There once was a boy named Gimme-Some-Roy... He was nothin' like me or you,
'cause laying back and getting high was all he cared to do.
As a kid, he sat in the cellar...sniffing airplane glue. And then he smoked banana peels, when that was the thing to do. He tried aspirin in Coca-Cola, he breathed helium on the sly, and his life became an endless search to find the perfect high.
But grass just made him wanna lay back and eat chocolate-chip pizza all night,
and the great things he wrote when he was ****** looked like **** in the morning light.
Speed made him wanna rap all day, reds laid him too far back, *******-Rose was sweet to his nose, but the price nearly broke his back.
He tried ***, he tried THC, but they never quite did the trick. Poppers nearly blew his heart, mushrooms made him sick. Acid made him see the light, but he couldn't remember it long. Hash was a little too weak, and smack was a lot too strong. Quaaludes made him stumble, ***** just made him cry, Then he heard of a cat named Baba Fats who knew of the perfect high.
Now, Baba Fats was a hermit cat...lived high up in Nepal, High on a craggy mountain top, up a sheer and icy wall. "Well, hell!" says Roy, "I'm a healthy boy, and I'll crawl or climb or fly,
Till I find that guru who'll give me the clue as to what's the perfect high."
So out and off goes Gimme-Some-Roy, to the land that knows no time, Up a trail no man could conquer, to a cliff no man could climb. For fourteen years he climbed that cliff...back down again he'd slide . . .
He'd sit and cry, then climb some more, pursuing the perfect high.
Grinding his teeth, coughing blood, aching and shaking and weak, Starving and sore, bleeding and tore, he reaches the mountain peak. And his eyes blink red like a snow-blind wolf, and he snarls the snarl of a rat,
As there in repose, and wearing no clothes, sits the god-like Baba Fats.
"What's happenin', Fats?" says Roy with joy, "I've come to state my biz . . .
I hear you're hip to the perfect trip... Please tell me what it is. "For you can see," says Roy to he, "I'm about to die, So for my last ride, tell me, how can I achieve the perfect high?"
"Well, dog my cats!" says Baba Fats. "Another burned out soul, Who's lookin' for an alchemist to turn his trip to gold. It isn't in a dealer's stash, or on a druggist's shelf... Son, if you would find the perfect high, find it in yourself."
"Why, you jive mother-******!" says Roy, "I climbed through rain and sleet,
I froze three fingers off my hands, and four toes off my feet! I braved the lair of the polar bear, I've tasted the maggot's kiss. Now, you tell me the high is in myself? What kinda **** is this?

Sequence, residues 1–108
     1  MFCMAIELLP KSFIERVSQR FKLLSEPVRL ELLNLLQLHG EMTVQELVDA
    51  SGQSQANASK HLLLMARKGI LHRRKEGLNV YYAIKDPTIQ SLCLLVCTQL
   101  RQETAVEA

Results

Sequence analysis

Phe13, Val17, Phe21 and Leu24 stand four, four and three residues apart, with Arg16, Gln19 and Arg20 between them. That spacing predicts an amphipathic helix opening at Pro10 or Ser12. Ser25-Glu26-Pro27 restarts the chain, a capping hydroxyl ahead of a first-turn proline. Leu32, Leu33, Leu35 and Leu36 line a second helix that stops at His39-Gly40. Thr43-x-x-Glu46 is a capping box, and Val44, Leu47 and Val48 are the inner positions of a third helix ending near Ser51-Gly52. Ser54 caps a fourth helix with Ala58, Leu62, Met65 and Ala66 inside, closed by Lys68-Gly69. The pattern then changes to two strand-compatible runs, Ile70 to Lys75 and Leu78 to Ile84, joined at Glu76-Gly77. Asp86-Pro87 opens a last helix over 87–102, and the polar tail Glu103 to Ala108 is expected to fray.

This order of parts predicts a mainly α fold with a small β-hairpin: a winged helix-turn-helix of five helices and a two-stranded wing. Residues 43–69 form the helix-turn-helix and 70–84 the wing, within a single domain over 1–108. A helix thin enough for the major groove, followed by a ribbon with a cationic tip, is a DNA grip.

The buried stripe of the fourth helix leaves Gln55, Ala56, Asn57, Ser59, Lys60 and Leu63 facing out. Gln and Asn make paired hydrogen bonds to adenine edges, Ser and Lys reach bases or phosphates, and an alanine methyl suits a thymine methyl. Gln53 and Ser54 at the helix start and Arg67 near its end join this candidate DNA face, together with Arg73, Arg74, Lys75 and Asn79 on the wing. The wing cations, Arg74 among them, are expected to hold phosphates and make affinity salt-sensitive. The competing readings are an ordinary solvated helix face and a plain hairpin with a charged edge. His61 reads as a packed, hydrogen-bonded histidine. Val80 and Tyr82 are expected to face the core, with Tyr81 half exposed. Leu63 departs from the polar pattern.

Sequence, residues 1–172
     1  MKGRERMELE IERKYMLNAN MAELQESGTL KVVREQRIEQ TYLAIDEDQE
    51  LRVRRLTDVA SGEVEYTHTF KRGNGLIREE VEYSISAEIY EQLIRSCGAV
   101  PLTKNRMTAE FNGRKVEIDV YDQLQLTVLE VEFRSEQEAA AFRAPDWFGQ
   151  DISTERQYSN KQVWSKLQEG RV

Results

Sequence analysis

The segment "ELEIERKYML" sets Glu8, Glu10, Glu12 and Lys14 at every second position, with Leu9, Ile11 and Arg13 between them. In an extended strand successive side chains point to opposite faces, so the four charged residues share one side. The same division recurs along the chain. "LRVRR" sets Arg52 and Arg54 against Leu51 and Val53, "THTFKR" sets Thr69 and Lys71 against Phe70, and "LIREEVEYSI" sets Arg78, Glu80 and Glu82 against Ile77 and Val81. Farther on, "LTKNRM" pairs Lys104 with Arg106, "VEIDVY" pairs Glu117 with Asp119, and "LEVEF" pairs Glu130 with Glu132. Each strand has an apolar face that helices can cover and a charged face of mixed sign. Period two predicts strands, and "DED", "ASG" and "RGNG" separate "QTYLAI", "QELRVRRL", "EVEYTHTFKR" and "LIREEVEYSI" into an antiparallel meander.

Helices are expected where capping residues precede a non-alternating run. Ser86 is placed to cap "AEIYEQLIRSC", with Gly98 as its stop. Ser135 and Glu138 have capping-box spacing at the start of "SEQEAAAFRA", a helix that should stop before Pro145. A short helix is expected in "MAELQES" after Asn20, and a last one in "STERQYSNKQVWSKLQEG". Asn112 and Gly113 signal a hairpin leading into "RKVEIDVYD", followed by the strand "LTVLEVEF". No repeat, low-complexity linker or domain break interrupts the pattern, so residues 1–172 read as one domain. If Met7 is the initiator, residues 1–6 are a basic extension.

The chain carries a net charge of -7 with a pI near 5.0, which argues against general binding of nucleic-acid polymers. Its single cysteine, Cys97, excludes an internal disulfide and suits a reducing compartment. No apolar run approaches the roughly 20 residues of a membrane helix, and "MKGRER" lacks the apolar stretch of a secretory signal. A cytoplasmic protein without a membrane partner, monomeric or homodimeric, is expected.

My ears, before they froze off," says Roy, "had heard all kindsa crap; But I didn't climb for fourteen years to hear your sophomore rap. And I didn't climb up here to hear that the high is on the natch, So you tell me where the real stuff is, or I'll **** your guru ***!"
"Okay...okay," says Baba Fats, "You're forcin' it outta me... There is a land beyond the sun that's known as Zabolee. A wretched land of stone and sand, where snakes and buzzards scream, And in this devil's garden blooms the mystic Tzutzu tree.
Now, once every ten years it blooms one flower, as white as the Key West sky,
And he who eats of the Tzutzu flower shall know the perfect high. For the rush comes on like a tidal wave...hits like the blazin' sun. And the high? It lasts forever, and the down don't never come.
But, Zabolee Land is ruled by a giant, who stands twelve cubits high, And with eyes of red in his hundred heads, he awaits the passer-by. And you must slay the red-eyed giant, and swim the river of slime, Where the mucous beasts await to feast on those who journey by. And if you slay the giant and beasts, and swim the slimy sea, There's a blood-drinking witch who sharpens her teeth as she guards the Tzutzu tree."
"Well, to hell with your witches and giants," says Roy, "To hell with the beasts of the sea--
Why, as long as the Tzutzu flower still blooms, hope still blooms for me."
And with tears of joy in his sun-blind eyes, he slips the guru a five, And crawls back down the mountainside, pursuing the perfect high.
"Well, that is that," says Baba Fats, sitting back down on his stone, Facing another thousand years of talking to God, alone. "Yes, Lord, it's always the same...old men or bright-eyed youth... It's always easier to sell 'em some **** than it is to tell them the truth."